The AHDB has announced a “managed wind-down” of its potatoes and horticulture work following industry votes to end statutory levies in the sectors – but growers will still have to fund the organisation during 2021-22. Funding will be provided for current research programmes to the end of contracts, and 42 of these contracts will end by March 2022. Otherwise all other activities for potatoes and horticulture during 2021-22 will be stopped at appropriate points in the growing season.
Good soil is fundamental to growing healthy, productive, and profitable crops. Jay Hao, Professor of Plant Pathology for the University of Maine, is working to reduce pathogens and improve soil health, by planting rotational crops after potatoes. “Because the tubers stay in the soil, you face a lot of soil borne pathogens. That can cause a lot of diseases. So instead of controlling one disease versus multiple, we do the integrated way by using different crops as a nutrient input and also as a disease suppression strategy.”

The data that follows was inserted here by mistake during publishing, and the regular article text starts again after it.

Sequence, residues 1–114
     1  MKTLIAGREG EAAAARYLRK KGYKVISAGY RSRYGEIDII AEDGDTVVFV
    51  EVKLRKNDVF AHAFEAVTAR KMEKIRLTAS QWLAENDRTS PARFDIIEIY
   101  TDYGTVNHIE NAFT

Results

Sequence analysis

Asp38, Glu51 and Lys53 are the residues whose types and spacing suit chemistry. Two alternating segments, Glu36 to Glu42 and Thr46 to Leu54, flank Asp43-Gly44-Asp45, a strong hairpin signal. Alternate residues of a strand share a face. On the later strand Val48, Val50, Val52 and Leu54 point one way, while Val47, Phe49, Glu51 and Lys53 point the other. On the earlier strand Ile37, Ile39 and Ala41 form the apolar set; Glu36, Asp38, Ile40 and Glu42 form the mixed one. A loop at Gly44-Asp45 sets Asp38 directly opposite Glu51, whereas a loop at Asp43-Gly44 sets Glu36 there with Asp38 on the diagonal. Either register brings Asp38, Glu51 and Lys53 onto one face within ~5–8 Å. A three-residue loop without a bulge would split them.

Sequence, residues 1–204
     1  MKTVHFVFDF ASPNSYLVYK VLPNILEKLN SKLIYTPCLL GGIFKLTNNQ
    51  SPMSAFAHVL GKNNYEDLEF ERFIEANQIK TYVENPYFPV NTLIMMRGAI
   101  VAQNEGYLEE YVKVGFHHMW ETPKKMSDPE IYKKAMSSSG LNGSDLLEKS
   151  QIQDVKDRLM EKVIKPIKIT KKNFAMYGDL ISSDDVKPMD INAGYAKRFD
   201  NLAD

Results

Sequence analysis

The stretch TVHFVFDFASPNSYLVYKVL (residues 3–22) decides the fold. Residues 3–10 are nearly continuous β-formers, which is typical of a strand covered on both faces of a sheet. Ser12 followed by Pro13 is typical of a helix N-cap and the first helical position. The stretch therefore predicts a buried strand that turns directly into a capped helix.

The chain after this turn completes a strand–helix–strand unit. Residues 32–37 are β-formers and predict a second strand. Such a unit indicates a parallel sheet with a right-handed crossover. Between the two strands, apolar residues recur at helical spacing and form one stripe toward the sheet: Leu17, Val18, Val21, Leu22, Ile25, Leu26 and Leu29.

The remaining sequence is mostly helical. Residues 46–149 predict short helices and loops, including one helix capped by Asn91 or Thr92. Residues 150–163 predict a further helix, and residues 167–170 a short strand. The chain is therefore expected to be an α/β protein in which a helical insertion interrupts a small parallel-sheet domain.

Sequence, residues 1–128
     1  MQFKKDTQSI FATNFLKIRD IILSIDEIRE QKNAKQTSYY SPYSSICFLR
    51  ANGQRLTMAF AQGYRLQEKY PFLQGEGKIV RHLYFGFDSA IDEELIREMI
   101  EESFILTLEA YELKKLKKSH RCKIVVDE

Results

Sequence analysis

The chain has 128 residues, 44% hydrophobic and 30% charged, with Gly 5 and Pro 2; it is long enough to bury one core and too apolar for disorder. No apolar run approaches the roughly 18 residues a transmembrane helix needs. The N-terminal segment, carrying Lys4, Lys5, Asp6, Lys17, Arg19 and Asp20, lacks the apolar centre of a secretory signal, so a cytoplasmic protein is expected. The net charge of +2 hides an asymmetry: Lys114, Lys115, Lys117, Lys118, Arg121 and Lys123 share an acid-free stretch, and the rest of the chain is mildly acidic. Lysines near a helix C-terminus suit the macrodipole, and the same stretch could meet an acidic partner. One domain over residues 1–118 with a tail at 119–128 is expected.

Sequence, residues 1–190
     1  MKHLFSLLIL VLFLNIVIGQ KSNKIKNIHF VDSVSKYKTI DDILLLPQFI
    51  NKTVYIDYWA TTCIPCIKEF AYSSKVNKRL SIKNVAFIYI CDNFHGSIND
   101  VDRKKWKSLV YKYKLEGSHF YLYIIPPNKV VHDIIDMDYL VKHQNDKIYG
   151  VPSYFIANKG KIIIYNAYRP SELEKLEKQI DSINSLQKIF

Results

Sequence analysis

Webinar: How to use artificial intelligence to quickly analyze data related to potato bruising and browning
During an upcoming webinar a team of researchers at JADBio will demonstrate how they applied the company’s Automated Machine Learning (AutoML) solution to quickly analyze a complex set of data during a recent project with different potato varieties. The researchers were able to successfully predict potatoes’ susceptibility to bruising as well as the potato samples’ potential for coloration during chip/crisp processing. The webinar will be presented by experts at JADBio, in partnership with Potato News Today. It is titled: “How to employ Automated Machine Learning to Predict the Best Quality Potato Chip/Crisp”.